The next level up for this is to install a second fuse board in your home with only the essentials on it. You can have this connected to your battery system. If the power goes down, then the batteries kick in and power the second fuse board with your essential power using appliances on it.
Having this backup power available might be a lifesaver if you have a medical device in your home that uses electricity and needs to be available 24 hours a day.
Finally as smart meters roll out and become the norm we will see different tariffs for different parts of the day. You can already get really cheap tariffs between 3 and 5 in the morning if you are on a smart plan with some providers .
It is entirely possible, even likely that you will be charged more for using power at really busy times of the day, say between 4 and 7 in the afternoon. If this happens and you have a battery system installed, you can power it up from either sunlight or the grid earlier in the day at a cheaper rate and have it available during the 4 -7 period.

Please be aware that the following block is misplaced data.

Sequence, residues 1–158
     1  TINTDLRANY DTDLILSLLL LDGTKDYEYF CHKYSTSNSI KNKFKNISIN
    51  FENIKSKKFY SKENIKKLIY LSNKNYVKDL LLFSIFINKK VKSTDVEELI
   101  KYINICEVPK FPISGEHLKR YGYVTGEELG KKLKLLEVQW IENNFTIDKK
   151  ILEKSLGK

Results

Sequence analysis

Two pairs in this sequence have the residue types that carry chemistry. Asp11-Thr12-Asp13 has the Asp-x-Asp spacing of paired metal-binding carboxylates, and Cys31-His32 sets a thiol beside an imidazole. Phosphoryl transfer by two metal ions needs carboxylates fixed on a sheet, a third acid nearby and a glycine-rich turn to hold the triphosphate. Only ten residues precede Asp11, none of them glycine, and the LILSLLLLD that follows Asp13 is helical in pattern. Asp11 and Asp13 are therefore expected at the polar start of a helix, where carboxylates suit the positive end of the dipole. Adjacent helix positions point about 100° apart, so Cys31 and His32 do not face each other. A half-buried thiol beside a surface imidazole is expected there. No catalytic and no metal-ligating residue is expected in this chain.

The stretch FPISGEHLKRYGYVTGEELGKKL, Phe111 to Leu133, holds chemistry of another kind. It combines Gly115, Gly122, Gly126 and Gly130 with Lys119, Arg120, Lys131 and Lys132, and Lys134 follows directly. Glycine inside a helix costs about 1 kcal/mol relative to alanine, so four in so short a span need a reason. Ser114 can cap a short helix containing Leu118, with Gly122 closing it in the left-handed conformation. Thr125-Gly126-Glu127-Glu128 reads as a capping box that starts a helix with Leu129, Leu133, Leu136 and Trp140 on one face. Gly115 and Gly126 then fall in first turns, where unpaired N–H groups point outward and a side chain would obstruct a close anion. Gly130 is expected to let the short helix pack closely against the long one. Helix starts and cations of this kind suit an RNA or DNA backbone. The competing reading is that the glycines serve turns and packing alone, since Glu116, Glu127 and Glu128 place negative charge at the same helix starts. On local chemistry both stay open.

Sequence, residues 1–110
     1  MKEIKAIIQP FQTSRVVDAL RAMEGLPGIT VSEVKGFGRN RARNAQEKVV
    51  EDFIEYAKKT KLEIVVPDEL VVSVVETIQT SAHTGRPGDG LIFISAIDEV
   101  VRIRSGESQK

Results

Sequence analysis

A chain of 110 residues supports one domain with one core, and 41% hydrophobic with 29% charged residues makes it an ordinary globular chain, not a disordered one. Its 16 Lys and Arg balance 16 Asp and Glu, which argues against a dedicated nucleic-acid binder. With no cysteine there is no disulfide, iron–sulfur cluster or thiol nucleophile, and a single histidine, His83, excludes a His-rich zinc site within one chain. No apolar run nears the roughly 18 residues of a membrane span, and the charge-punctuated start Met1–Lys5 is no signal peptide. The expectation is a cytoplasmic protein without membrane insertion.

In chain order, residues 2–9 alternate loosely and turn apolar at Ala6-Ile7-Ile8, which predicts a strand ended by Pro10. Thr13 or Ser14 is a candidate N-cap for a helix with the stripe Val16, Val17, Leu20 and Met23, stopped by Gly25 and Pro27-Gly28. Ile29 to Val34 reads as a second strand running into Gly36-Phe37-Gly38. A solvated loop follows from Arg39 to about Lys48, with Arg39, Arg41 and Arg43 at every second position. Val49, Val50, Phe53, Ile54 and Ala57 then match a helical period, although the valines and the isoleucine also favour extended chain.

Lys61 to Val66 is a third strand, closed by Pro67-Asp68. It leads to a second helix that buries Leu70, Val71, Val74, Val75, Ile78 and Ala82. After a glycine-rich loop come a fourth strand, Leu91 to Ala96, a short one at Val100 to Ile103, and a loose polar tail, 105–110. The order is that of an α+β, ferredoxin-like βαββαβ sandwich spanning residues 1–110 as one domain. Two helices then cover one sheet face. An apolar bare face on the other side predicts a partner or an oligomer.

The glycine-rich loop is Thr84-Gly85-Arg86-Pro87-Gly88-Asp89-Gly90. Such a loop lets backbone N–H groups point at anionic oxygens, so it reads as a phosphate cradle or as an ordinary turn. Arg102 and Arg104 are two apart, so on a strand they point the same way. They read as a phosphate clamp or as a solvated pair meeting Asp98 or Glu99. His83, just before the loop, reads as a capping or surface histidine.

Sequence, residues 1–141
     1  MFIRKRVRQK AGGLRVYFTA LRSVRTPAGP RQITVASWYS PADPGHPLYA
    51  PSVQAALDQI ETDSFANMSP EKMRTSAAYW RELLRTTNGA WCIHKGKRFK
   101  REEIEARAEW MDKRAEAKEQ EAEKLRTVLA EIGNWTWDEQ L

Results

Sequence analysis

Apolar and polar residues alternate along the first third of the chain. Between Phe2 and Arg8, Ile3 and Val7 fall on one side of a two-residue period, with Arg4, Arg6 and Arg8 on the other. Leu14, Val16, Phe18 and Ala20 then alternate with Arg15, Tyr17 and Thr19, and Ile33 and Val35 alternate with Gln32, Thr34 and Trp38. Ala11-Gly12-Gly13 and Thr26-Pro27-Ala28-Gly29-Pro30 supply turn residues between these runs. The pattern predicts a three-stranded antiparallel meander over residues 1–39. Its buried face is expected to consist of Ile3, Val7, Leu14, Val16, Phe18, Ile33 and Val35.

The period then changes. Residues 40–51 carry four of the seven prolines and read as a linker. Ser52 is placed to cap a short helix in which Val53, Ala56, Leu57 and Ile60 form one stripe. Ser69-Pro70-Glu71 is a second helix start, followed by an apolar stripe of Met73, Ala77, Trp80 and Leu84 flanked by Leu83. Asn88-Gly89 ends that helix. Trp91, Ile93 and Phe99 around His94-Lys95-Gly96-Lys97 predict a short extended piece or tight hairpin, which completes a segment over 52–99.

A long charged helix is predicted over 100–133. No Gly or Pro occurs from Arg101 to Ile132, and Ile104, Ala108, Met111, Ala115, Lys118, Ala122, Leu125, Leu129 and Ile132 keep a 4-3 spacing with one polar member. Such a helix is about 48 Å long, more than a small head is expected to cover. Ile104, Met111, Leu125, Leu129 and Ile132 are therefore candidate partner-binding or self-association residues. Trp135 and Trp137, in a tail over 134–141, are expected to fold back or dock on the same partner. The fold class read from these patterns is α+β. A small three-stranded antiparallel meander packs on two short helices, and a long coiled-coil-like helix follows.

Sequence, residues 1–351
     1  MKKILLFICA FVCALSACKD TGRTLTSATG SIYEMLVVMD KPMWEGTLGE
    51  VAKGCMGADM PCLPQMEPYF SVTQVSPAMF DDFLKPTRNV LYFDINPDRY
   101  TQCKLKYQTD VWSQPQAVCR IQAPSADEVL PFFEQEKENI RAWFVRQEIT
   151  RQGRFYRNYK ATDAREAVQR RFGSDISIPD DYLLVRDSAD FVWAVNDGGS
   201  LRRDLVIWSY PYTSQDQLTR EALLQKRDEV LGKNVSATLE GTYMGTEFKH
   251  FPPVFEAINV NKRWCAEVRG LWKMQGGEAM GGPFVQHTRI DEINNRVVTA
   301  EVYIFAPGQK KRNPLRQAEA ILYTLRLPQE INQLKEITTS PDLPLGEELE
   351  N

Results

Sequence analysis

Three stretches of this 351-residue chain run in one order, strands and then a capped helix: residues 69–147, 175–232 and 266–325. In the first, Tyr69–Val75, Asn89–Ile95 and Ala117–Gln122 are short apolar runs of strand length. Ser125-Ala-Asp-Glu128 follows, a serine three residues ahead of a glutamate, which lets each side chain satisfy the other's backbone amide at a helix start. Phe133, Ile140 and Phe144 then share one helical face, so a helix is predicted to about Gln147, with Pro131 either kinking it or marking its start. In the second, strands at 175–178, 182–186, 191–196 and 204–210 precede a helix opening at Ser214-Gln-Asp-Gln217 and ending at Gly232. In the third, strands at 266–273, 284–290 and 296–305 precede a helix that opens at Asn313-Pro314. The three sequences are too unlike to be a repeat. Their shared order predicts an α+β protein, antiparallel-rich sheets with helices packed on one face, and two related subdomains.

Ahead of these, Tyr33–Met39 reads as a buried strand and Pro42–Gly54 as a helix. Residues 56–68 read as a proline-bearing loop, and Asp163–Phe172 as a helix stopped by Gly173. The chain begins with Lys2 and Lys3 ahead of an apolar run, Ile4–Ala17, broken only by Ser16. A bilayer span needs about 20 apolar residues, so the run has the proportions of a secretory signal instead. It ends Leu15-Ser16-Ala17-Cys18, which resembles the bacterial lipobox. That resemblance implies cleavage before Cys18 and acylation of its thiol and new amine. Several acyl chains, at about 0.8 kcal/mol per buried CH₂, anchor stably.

So do you need batteries, strictly speaking No but having batteries makes your PV system much more flexible. It can help ensure you maximise your use of the cheapest power and minimise the use of the more expensive power. In an outage it can help keep the lights on.
During our free Solar Survey we will go through the battery options with you in detail so you can make an informed decision on weather to include a battery in your solar pv setup or not.